MLST and PFGE experiments were performed to analyse the clonal relatedness of blaNDM-5-positive isolates because NDM-5 producers are infrequently isolated worldwide. According to the MLST results, nine blaNDM-5-postive E. coli isolates were grouped into 9 different sequence types. In accordance with the MLST results (Fig. 1), the different PFGE patterns confirmed that the seven E. coli isolates are not clonally related to each other even though some of the strains were collected from the same hospital. Strains EC122 and EC144 own similar the PFGE profiles, but the two strains have different sequence type and different resistance genes. Furthermore, core genome multi-locus sequence typing (cg-MLST) analysis in our study showed the blaNDM-5-positive isolates were not clonal relatedness (Additional file 1: Figure S1). In addition, the K. pneumoniae KP487 isolate belongs to ST182.
A previous study collected 11 NDM-5-producing E. coli strains from 7 hospitals in various locations in China from 2013 to 2014, and found that ST167 E. coli strains in clinical settings exhibited close linkages with the blaNDM-5 gene . Our previous study also showed that high-level tigecycline resistance E. coli strains carrying blaNDM-5 also belonged to the ST167 clonal lineage , indicating that the ST167 sequence type is an important reservoir of blaNDM-5 in China. However, the diversity of MLST and PFGE types in the present study showed that the blaNDM-5 gene has been carried in other STs E. coli isolates from 2016 to 2017. Moreover, the blaNDM-5 gene was detected in the K. pneumoniae and one C. freundii strains, indicating that this gene has further disseminated in Enterobacteriaceae. Note that NDM-5-related outbreak has been reported [24, 25]. Although no genetic association was found between our blaNDM-5-positive isolates with other strains, the widespread dissemination of blaNDM-5 in recent years in Enterobacteriaceae highlights the need for extensive attention.
Location of the bla NDM-5 gene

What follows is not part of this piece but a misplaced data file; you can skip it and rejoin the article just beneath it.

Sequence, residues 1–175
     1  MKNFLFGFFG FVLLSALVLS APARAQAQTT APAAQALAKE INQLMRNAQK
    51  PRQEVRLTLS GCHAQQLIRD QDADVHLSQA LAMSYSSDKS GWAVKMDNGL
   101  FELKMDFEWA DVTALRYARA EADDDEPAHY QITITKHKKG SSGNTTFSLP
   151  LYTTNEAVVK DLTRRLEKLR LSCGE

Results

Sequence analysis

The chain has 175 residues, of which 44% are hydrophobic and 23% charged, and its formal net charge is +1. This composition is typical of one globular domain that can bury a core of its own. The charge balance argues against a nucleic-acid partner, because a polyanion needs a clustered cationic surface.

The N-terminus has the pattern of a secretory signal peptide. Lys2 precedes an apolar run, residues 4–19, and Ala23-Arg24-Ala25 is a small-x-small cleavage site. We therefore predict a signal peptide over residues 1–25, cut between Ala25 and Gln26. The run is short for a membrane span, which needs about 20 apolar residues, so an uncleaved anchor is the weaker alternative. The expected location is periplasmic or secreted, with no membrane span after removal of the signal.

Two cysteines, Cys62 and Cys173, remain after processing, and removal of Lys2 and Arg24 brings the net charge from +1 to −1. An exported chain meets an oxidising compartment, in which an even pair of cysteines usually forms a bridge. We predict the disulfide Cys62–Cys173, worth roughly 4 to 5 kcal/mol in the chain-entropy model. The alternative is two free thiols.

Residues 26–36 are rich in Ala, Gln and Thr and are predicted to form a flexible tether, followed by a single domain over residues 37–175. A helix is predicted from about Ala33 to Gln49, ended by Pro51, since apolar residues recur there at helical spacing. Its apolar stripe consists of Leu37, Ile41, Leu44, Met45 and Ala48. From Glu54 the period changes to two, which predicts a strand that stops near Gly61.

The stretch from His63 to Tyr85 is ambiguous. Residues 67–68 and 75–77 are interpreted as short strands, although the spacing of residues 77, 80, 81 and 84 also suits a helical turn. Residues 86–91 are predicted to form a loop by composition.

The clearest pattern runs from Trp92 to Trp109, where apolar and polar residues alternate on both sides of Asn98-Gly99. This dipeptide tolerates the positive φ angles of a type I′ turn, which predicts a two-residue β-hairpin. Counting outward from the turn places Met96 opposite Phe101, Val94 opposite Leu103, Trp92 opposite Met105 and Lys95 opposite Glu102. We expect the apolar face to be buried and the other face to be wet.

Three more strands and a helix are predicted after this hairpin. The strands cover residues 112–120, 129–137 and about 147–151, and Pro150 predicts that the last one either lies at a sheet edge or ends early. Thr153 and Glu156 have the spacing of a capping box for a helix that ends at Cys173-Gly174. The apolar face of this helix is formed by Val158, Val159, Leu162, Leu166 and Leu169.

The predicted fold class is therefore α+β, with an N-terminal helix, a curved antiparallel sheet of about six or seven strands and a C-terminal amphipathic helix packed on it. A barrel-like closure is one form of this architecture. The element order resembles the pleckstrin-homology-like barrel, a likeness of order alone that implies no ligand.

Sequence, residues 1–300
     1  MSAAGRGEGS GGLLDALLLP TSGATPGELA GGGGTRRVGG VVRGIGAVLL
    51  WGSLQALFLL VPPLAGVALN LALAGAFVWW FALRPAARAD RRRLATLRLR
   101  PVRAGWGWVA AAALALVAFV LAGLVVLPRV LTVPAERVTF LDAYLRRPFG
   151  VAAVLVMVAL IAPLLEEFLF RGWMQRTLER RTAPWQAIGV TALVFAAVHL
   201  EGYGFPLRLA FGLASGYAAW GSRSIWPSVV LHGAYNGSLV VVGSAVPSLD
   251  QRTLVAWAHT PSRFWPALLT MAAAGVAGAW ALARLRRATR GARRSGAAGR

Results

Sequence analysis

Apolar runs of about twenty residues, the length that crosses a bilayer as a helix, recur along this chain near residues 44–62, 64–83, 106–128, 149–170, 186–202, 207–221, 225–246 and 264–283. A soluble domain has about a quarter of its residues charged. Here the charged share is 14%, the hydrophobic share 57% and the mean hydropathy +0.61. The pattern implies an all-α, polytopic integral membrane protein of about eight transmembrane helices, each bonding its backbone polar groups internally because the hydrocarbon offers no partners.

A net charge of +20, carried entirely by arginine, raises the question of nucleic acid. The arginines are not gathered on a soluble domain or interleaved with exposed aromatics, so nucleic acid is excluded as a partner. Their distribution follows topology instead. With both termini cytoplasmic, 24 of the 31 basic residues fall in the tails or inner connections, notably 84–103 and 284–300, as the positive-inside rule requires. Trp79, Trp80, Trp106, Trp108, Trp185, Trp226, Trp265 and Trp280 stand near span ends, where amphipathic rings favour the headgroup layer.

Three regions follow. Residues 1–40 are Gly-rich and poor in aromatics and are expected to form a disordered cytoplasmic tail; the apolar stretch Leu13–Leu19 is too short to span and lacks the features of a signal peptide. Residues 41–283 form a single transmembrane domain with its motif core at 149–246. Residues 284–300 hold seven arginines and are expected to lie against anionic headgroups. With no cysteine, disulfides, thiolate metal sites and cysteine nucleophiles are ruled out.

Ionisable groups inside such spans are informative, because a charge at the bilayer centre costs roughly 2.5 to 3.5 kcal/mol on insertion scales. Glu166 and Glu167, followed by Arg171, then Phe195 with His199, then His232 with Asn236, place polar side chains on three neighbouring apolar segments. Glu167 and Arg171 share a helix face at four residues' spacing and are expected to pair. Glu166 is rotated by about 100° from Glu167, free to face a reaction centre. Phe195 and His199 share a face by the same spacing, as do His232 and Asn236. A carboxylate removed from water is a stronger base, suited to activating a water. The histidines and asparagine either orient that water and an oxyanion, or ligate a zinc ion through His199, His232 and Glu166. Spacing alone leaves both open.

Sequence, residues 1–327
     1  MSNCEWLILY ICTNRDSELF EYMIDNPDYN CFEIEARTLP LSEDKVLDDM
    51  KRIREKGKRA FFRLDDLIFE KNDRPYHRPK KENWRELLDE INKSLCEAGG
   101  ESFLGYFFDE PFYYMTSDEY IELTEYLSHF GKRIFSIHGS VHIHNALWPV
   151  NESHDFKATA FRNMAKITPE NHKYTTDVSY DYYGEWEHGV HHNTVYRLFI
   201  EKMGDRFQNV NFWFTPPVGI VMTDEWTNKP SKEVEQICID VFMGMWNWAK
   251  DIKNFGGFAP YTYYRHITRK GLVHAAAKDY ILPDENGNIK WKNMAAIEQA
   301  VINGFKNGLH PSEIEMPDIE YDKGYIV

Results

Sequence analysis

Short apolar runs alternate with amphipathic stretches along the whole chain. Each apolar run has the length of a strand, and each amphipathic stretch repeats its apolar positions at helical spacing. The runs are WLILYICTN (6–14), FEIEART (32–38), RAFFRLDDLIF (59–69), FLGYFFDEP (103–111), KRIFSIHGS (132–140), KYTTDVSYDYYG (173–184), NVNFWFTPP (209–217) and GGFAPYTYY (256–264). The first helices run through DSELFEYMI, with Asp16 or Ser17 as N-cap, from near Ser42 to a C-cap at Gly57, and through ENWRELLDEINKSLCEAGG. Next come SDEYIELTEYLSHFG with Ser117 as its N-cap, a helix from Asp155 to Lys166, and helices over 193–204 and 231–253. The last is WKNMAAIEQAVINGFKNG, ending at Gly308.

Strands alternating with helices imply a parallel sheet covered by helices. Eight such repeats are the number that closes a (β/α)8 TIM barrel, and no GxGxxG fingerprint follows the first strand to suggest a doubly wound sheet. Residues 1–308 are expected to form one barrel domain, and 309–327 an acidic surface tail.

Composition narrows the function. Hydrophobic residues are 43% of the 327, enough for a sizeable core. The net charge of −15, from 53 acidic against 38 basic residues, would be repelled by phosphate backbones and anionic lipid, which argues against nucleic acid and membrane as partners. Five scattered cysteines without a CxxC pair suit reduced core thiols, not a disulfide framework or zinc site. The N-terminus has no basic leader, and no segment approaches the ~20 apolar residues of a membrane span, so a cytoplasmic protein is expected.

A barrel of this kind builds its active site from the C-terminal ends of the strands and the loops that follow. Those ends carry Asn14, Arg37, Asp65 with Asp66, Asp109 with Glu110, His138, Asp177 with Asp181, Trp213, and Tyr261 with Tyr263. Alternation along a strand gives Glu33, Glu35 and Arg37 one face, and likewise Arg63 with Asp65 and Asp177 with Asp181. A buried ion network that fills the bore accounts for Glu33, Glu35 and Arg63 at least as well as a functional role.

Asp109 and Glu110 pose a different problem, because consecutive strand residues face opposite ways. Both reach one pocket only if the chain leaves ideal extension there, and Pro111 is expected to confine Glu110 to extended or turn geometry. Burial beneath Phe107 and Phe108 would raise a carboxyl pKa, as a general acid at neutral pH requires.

S1-PFGE followed by Southern blot demonstrated that the blaNDM-5-positive strains were all located on plasmids of the same size(~ 46 Kb) (Fig. 2). The filter mating experiments were carried out to confirm the transferability of these blaNDM-5 plasmids. Nine of the 11 isolates tested could successfully transfer their carbapenem-resistant phenotype to E. coli strain C600 (Table 2). In addition,incompatibility plasmid classification showed that all the blaNDM-5 plasmids belonged to the IncX3-type plasmid. IncX3 plasmids might have played an important role in mediating the horizontal transmission of the blaNDM gene. This possibility has been supported by the results of several studies [6, 26,27,28,29]. In this study, blaNDM-5 was carried by the IncX3 plasmids. Moreover, 81.8% (9/11) of isolates carrying this type plasmid were able to transfer carbapenem-resistant phenotype. However, conjugation experiments of E. coli EC126 and EC135 strains were not performed because these two strains were resistant to rifampin. To date, IncX3 plasmids carrying blaNDM-5 have been reported worldwide [3, 22, 23]. Therefore, our present study further supplements those previous studies. In addition, we isolated E. coli and C. freundii strains carrying blaNDM-5 from a single patient. These blaNDM-5-carrying plasmids had very similar sequences (99% coverage and 98% similarity), indicating probable horizontal transfer of blaNDM-5 between E. coli and C. freundii strains by one same plasmid. In addition, the plasmid stability experiments showed that the blaNDM-5-positive plasmids were all stable in these isolates. After 12 rounds of subculture in MH agar without antibiotic addition, the randomly selected strains all carried the blaNDM-5 gene and a plasmid identical to their parental isolate in size. Overall, it is important for the IncX3 type plasmid to play an important role in the further dissemination of blaNDM-5 in Enterobacteriaceae. Therefore, it is imperative that effective measures be taken immediately to control the spread of this plasmid.